WHO MESSED WITH SUMMER? : Another picture book day to describe what is a non-typical summer day (one of many already and more to come through mid-September for the most part). We have definitely entered a period both pre- and post-Irene of mid-level troughs and tropical systems, surface boundaries and periods of the jet stream near by. In a sense, this is still the wet season but it is not the typical....:
"high pressure Atlantic ridge axis across Florida with sunny mornings and light winds aloft followed by sea breeze convergence somewhere over the interior late in the day synoptic scale set up we normally have this time of year."
It appears that all ended when the pattern that evoked Irene to takes its run up I-95 (nearly) was the end of it.
WHAT'S UP? It's as if summer packed its bags and went on vacation to Canada in tow (in some places like Florida even though it is still warm here)...leaving behind only the necessary items to keep the house in working order. That being, to keep the rain chances in check (but created by different mechanisms other that sea breeze convergence) such as troughs at different levels (that belong much further north ) and tropical like activity. The Old Salt of the Sea has come in to tend to matters while summer is sabbatical, and he's messing around with the neat and tidy order that was once in place. Actually, for this time of year it is not all that unusual, but I'd expect to find it more like in about two weeks from now. Will summer return ever for 2011? Yes, but modified.
One of those self-improvement camps I guess was in order, since very little of this summer has ever been typical. This was long ago noted to be possible with the high pressure over Texas. This all began a LONG time ago, before the implications could be seen, felt, or experienced. What was the first sign? The blizzard by Chicago, the Super Outbreak Part II Tornado Onslaught in the Deep South, or the one in North Carolina? The heat wave in Texas that morphed, spread, shrankn and shifted around the southern tier of states? The lack of tornadoes west of I-35 in tornado alley this year? The supercell thunderstorms and tornadoes in North Central California while tornado alley was in a tornado drought? The deep snow in the Sierras in July?..Must have left a lot out.
Point is...expect more odd ball, out there anomalies are yet to come beyond the latest, the Irene event in Vermont (albeit created by rain..but it was odd ball nonetheless).
TODAY: Same factors to leave things up for grabs in regard to rain chances. Best chance is where the least cloud cover exists, which is near and north of I-4. This is shown below. But other areas could see rains as well. In short, the normal summer rules do not apply today. Looking for the same factors as yesterday, but with slower steering and perhaps a sea-like breeze along the coast. There is a mid-level trough in place across I-10 or just south of there, and this will sink to South Florida going into Friday, but never completely washes out ..if not retrogrades a bit going into next week. It might even disappear off the charts for a while, but it will be back.
|Watching the areas closest to the mid level trough in black. SE Florida could still have many showers and storms with an east coast sea breeze, especially if the clouds can break up a bit...these are not drawn in...|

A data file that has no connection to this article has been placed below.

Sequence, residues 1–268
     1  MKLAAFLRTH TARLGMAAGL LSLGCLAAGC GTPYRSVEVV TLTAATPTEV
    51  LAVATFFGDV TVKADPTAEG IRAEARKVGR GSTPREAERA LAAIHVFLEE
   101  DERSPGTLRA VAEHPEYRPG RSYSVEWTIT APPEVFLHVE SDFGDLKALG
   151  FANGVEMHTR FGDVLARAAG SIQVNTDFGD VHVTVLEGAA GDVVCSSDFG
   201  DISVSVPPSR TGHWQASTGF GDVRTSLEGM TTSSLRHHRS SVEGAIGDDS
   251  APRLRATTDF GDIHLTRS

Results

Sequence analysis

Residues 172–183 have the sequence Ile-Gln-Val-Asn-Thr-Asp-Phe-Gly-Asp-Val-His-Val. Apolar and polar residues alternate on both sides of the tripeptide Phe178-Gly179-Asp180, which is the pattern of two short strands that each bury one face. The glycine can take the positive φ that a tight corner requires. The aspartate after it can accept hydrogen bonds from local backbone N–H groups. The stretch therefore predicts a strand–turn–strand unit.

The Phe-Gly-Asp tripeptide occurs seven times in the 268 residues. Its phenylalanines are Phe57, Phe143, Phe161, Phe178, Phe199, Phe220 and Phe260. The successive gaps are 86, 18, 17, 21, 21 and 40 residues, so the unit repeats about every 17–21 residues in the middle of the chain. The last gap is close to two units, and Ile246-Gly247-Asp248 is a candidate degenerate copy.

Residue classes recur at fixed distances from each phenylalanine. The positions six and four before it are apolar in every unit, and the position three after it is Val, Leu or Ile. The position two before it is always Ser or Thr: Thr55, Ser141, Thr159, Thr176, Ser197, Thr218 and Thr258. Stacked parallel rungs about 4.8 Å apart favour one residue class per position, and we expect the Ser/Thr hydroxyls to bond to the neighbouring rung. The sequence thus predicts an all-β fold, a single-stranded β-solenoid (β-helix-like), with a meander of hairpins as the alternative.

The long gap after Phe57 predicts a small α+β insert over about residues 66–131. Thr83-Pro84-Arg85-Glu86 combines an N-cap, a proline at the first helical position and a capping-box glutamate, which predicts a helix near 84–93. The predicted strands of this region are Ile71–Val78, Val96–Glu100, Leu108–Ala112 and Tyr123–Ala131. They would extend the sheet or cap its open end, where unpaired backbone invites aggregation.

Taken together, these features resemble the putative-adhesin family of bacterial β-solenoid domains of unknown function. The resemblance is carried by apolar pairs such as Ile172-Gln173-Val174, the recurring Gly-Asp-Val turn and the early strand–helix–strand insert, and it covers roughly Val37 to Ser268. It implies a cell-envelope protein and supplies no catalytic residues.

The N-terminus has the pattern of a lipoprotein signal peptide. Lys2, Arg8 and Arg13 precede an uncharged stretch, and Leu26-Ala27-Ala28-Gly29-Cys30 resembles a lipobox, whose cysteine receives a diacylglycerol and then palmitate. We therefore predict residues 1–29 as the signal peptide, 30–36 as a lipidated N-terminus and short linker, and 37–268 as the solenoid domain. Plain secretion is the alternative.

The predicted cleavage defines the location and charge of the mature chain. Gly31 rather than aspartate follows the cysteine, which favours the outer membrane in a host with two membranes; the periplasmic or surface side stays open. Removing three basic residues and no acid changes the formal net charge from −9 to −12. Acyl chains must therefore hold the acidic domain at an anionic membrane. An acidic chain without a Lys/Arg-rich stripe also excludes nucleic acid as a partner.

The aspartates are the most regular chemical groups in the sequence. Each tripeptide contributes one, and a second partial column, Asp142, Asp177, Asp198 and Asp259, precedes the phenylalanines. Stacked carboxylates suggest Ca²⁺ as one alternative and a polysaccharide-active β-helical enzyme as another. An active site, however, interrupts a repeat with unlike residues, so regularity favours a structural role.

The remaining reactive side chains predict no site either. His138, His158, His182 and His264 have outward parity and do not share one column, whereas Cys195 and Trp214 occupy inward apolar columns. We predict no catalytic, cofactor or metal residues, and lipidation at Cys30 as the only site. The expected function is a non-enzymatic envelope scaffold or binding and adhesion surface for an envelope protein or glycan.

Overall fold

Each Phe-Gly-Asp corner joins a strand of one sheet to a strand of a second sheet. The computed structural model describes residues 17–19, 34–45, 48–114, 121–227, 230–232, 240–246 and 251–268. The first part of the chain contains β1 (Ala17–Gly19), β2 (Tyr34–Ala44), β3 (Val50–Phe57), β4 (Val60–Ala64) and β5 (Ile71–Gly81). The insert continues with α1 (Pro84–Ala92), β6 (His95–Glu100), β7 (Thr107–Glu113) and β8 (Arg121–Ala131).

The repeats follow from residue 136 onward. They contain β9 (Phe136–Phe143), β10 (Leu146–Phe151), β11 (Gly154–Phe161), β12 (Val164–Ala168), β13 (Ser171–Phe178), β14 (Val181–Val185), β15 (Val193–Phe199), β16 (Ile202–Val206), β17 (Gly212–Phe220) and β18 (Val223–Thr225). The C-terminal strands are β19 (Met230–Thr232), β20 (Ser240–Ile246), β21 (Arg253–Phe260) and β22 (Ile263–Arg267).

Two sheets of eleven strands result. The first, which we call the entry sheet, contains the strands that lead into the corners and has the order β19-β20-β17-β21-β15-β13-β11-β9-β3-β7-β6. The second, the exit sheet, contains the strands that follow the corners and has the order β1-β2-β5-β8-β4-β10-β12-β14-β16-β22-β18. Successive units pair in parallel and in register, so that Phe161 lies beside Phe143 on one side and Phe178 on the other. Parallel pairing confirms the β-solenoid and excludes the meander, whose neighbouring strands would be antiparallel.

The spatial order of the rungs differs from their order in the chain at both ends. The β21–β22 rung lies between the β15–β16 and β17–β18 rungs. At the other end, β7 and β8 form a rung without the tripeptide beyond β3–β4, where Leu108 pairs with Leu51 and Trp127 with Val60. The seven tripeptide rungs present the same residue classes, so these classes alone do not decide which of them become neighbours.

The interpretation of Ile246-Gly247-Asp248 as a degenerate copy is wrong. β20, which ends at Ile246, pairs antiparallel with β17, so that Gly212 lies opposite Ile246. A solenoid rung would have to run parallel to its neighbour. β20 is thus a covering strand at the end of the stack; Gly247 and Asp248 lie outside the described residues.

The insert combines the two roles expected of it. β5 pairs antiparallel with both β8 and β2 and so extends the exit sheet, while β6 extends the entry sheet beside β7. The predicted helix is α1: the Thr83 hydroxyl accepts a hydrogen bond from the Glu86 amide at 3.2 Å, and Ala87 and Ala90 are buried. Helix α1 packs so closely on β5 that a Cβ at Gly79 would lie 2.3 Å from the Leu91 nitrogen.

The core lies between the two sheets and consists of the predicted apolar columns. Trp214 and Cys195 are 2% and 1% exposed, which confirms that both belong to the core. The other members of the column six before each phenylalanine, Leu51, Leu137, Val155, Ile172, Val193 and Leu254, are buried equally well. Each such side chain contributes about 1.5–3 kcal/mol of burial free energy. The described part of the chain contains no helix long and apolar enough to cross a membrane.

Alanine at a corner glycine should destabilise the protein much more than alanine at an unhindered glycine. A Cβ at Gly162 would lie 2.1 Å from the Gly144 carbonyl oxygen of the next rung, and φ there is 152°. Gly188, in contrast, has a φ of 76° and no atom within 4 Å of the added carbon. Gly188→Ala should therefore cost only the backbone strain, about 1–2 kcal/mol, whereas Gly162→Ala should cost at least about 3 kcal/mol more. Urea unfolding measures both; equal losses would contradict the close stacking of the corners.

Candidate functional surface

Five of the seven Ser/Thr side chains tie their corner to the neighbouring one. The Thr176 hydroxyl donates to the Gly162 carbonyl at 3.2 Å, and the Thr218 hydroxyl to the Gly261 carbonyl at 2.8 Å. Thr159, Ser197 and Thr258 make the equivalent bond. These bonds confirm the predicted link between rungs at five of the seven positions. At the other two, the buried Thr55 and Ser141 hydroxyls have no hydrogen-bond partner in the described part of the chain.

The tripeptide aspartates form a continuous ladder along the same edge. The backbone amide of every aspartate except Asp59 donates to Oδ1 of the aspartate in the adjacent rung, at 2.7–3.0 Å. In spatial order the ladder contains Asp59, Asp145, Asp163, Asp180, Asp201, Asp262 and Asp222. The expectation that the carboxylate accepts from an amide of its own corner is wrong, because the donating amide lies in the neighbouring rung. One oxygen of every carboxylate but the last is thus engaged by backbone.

TOMORROW/WEDNESDAY: The mid-level trough axis will sink a bit further south, so another day or two of tricks in the forecast are in store as it looks now. But, rain chances will be decreasing from North to South with time to some degree as more of an easterly flow moves in behind that boundary. For a short time.
Note: this boundary is also working into the SW Gulf where storm development is expected there as well. Whether it will be considered 'fully tropical' is yet to be determined..but the signal is clear. A low pressure area is in the making from the western Caribbean into the SW Gulf and north around the Texas to Louisiana Coastal areas.
What is shown above is the broad low pressure circulation in the Gulf. The GFS eventually closes off one or even two surface lows. So far, they do not look completely organized, but would not be surprised if a tropical depression or even a storm is decided to be located there by the end of the first week of September.
TROPICS: Tropical Storm Katina was realized early this morning. Model guidance is in close agreement through days 3-5. The storm is taking the path of least resistance where sheer is the weakest. The warmest waters are south of the storm now, but it will be entering warmer waters in about 3 days. At this point, the best thing to watch will be its track during this time frame. ..especially near the end of the period. ..as it approaches the Lesser Antilles. At time, it is not expected to impact those islands..but to begin a stair step curve to north of Puerto Rico with time. This is not set in stone...The image above shows where the storm will eventually end up on the 5th of September. Looks big...don't want to be messing with that one..so keep your fingers crossed. But......
|Satellite and SAL (Saharan Air Layer) composite...the drier air around the storm is to decrease around day 3 or 4 as the storm enters warmer waters which are now just south of the forecast tracks shown.|
...BUT...look what the GFS brings into the picture further on down the line...for one week later.
This system is forecast to move west and under the high pressure that would build in behind the passage of Katia...at this point in time..both the future track and especially this depiction are purely fictional...but it shows what can get the weather office's dander up in arms while the rest of the world is kicking back in the easy chair on weekday nights downing brews and eating Bon Bons.